Woodard History, Family Crest & Coats of Arms

The ancestors of the Woodard family brought their name to England in the wave of migration after the Norman Conquest of 1066. The name Woodard is for a forester. Looking back even further, we found the name was originally derived from the Old English words wode, meaning wood, and ward, meaning guardian or keeper. [1] Another source claims the name was from 'a woodward,' a forest officer who looked after wood and vert. [2]

Early Origins of the Woodard family

The surname Woodard was first found in Essex where Commander Wadard [3] was granted lands by King William for his assistance at the Battle of Hastings. The first recorded scion of the family, (Falaise Roll,p 112,) Commander Wadard assembled King William's army at Saint Valery in Normandy for the invasion of England. It was he, Wadard, who advised King William of the Saxon King Harold's approach from the north at Hastings. His descendents, Henry and Simon Wadard, were still Lords of their respective Manors in Essex in 1278. Other early listings of the name include: Sewhal le wuderward who was in the Pipe Rolls of Hampshire in 1208; Ralph de (sic) Wodeward who was listed in the Pipe Rolls of Hertfordshire in 1230; and Robert Wodeward who was listed in the Subsidy Rolls of Sussex in 1296. [1] The Hundredorum Rolls of 1273 list: Aylward le Wodeward in Oxfordshire; and Adam le Wodewarde in Somerset. [2]

Early History of the Woodard family

This web page shows only a small excerpt of our Woodard research. Another 109 words (8 lines of text) covering the years 1290, 1086, 1066, 1490, 1590, 1675, 1640, 1657, 1712, 1698 and 1735 are included under the topic Early Woodard History in all our PDF Extended History products and printed products wherever possible.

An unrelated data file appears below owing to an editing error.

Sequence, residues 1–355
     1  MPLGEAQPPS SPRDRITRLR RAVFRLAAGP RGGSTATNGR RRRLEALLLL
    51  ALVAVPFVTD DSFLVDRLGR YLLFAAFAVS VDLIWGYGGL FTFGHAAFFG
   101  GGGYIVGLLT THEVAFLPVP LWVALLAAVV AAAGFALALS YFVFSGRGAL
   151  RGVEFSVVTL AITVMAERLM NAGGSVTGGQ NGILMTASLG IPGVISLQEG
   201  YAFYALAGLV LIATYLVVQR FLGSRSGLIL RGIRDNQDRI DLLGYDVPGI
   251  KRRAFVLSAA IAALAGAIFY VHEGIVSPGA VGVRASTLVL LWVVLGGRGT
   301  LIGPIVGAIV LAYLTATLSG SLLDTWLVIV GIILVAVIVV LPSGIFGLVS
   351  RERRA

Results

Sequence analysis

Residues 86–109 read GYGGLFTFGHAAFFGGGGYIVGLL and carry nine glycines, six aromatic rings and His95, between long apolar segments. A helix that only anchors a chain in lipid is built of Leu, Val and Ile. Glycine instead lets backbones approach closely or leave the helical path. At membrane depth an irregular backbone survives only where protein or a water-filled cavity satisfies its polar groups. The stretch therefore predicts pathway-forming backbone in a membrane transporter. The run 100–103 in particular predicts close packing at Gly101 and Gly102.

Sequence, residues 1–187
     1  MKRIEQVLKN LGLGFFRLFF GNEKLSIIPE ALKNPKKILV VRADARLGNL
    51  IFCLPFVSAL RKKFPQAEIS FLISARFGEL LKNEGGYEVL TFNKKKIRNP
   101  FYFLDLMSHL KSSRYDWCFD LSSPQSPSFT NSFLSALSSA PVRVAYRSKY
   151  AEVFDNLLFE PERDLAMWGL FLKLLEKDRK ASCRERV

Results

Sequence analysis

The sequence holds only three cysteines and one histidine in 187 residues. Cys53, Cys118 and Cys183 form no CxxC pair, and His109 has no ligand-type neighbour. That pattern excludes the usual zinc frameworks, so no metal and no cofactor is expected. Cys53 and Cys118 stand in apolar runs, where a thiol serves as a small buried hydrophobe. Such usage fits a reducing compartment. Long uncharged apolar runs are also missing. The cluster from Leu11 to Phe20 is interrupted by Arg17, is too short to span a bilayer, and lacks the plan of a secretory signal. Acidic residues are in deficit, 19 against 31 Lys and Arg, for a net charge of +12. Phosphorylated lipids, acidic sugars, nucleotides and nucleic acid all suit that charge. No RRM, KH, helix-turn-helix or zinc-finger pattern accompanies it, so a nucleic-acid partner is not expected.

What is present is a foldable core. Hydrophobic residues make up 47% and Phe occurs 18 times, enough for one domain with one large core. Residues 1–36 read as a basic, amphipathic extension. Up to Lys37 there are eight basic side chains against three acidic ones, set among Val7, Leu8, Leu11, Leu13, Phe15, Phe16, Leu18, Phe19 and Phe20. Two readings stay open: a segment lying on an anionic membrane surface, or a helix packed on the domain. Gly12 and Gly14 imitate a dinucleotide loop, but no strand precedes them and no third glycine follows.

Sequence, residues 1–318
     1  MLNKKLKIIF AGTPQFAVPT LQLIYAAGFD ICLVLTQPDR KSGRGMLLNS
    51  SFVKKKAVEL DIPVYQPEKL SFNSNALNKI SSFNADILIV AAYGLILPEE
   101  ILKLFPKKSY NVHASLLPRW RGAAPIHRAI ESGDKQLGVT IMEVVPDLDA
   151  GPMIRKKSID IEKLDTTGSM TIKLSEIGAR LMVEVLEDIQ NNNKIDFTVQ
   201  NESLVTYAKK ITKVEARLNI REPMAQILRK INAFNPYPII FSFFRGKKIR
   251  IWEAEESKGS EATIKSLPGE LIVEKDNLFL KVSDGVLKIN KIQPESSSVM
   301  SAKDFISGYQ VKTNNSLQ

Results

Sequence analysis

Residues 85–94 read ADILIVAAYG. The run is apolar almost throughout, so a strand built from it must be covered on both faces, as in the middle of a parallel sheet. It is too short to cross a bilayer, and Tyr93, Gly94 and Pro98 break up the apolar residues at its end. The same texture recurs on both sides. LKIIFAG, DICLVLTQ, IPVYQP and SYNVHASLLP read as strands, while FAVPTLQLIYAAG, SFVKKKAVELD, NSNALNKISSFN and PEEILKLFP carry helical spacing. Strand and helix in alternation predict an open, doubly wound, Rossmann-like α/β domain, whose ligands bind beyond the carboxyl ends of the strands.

Woodard Spelling Variations

Norman surnames are characterized by a multitude of spelling variations. The frequent changes in surnames are largely due to the fact that the Old and Middle English languages lacked definite spelling rules. The introduction of Norman French to England, as well as the official court languages of Latin and French, also had pronounced influences on the spelling of surnames. Since medieval scribes and church officials recorded names as they sounded, rather than adhering to any specific spelling rules, it was common to find the same individual referred to with different spellings. The name has been spelled Woodward, Woodard, Woodwards, Woodyard, Wadard and many more.

Early Notables of the Woodard family (pre 1700)

Another 45 words (3 lines of text) are included under the topic Early Woodard Notables in all our PDF Extended History products and printed products wherever possible.


United States Woodard migration to the United States +

Many English families emigrated to North American colonies in order to escape the political chaos in Britain at this time. Unfortunately, many English families made the trip to the New World under extremely harsh conditions. Overcrowding on the ships caused the majority of the immigrants to arrive diseased, famished, and destitute from the long journey across the stormy Atlantic. Despite these hardships, many of the families prospered and went on to make invaluable contributions to the development of the cultures of the United States and Canada. Early North American immigration records have revealed a number of people bearing the name Woodard or a variant listed above: